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City Vision 2030: The Future of Food in Our City Brighton & Hove City V|sioning

Our 2030 Vision event:

City Vision 2030: The Future of Food in Our City

City Vision 2030: The Future of Food in Our City

Thu 14 June 2018, 09:00 – 12:00, BA i360, Lower Kings Road BN1 2LN

In Brighton and Hove, with its city centre with such a rich offer of diverse food retail outlets, it is easy to take it for granted that we will walk into a restaurant, café or shop and food will be there, magically produced and delivered from somewhere for our consumption. But this ‘shop front’ doesn’t show the challenges we face – food insecurity, diet related ill health and food waste. Food is a factor in the difference in life expectancy of up to 10 years between the most and the least affluent areas of the city, 1 in 5 residents is experiencing household food insecurity (food poverty) and to support our current diet Brighton and Hove would need farmland eight times the size of our footprint to feed ourselves.

Food is a factor in the difference in life expectancy of up to 10 years between the most and the least affluent areas of the city

As the number of people living in cities increases year on year and is not set to slow down Brighton & Hove City Council are organising a series of 2030 visioning events to ask what do we need to consider in planning a city that is fit for the future? This event, organised in collaboration with Brighton & Hove Food Partnership, looks ahead to 2030 to ask what do we need to do to ensure that residents have access to healthy food?

For example:

  • People are very sensitive to changes in food prices and food availability and yet these things are highly likely in the current political, environmental and social context. If it is not business as usual what do we need to do to increase food security?
  • Can vertical faming, lab meat and other emerging technologies in food production keep Brighton and Hove fed in the future?
  • How will we safeguard our residents against food poverty?
  • How can food help us address health inequalities?
  • What assets does the city have that it needs to protect and enhance to secure food production?

Brighton and Hove was the first UK city to produce a cross sector food strategy and action plan and it has already made a big impact. Our event sought to build on this partnership approach by bringing together stakeholders from different sectors and an expert panel to consider issues around how, what and where we will eat in the future, and how the future of food will shape our city and our lives.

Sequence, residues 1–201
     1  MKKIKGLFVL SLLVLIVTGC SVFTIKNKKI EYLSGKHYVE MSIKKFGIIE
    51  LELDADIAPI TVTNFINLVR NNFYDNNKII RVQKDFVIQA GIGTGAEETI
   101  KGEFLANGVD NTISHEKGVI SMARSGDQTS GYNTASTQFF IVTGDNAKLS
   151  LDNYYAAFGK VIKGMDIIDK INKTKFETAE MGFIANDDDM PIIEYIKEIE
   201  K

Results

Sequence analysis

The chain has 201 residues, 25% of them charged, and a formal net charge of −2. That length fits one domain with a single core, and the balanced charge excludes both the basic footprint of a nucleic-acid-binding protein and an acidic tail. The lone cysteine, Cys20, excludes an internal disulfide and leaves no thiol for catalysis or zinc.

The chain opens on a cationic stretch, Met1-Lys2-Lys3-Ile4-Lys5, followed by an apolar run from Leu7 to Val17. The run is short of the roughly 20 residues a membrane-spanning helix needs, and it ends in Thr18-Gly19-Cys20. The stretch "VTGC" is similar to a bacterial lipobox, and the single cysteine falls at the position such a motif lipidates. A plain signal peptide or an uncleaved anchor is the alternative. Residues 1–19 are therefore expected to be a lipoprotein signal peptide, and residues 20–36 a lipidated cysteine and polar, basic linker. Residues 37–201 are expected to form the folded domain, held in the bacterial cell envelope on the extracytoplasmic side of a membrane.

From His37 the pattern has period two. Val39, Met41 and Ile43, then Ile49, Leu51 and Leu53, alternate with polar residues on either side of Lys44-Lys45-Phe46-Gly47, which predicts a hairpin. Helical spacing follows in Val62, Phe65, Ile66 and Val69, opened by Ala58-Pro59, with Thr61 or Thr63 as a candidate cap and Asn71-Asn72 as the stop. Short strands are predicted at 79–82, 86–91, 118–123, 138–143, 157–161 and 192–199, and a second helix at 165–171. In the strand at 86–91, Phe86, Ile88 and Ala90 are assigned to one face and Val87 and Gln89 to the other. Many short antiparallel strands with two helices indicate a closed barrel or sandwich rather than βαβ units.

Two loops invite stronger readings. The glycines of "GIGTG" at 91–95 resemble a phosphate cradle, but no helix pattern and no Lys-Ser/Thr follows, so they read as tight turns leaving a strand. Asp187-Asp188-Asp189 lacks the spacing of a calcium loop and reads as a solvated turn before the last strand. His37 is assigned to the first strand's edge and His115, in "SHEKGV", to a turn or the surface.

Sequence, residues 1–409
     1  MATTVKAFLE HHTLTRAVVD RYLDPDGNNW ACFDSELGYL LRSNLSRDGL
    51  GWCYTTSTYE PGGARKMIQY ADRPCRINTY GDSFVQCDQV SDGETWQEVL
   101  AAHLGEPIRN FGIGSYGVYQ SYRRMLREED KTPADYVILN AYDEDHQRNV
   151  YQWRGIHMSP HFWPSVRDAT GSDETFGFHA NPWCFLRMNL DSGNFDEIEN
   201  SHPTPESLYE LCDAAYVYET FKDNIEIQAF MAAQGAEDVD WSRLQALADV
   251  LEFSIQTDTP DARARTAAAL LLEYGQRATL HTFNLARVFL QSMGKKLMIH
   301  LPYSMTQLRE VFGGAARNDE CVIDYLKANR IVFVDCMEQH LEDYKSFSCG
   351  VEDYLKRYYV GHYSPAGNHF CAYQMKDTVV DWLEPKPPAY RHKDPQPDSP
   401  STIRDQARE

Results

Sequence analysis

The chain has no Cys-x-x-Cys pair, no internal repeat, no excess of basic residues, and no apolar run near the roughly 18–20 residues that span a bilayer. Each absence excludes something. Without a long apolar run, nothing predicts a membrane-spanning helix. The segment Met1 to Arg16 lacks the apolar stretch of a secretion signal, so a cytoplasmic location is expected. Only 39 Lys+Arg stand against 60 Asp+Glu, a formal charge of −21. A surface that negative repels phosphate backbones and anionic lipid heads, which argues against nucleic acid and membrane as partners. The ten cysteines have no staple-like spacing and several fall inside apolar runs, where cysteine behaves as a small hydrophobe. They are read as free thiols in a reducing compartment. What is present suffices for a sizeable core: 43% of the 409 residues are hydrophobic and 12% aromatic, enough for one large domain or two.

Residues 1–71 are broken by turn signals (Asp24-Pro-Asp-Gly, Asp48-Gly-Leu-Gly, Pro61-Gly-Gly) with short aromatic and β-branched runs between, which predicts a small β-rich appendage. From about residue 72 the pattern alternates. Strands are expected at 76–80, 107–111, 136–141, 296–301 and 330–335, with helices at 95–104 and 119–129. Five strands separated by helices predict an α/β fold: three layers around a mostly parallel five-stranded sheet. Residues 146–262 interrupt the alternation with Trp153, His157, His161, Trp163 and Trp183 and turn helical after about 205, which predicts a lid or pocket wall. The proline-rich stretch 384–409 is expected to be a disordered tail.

A panel of speakers from within and outside of the city helped to frame the discussion.

The event was introduced and hosted by Kath Dalmeny, Chief Executive of Sustain, the alliance for better food and farming, who was able to share a national and international perspective on the issues around the food of the future. Since 2016 Kath has been leading the alliance’s response to Brexit and could share insight into its implications for healthy and sustainable food, farming and fishing.

Her perspective on visioning is that it takes a change in mindset. To shift food systems takes vision and inspirational people, starting with a conversation. This is slowly starting to happen and Brighton is leading the charge.

Our keynote speaker Carolyn Steele is an architect, lecturer, writer and leading thinker on food and cities. Her 2008 book Hungry City: How food shapes our lives won international acclaim. Her TED talk is available in the Official TED resources library.

Finally, Vic Borrill, Director of the Brighton & Hove Food Partnership, gave a Brighton and Hove perspective. Vic has been Director of the Brighton & Hove Food Partnership since 2008 and spoke about how the organisation works to use the power of food to improve lives and achieve a vision of a healthy, fair, sustainable food system for the city.

Our video below captures some of the discussion arising from the day:

Who was there?

Attendees at the Event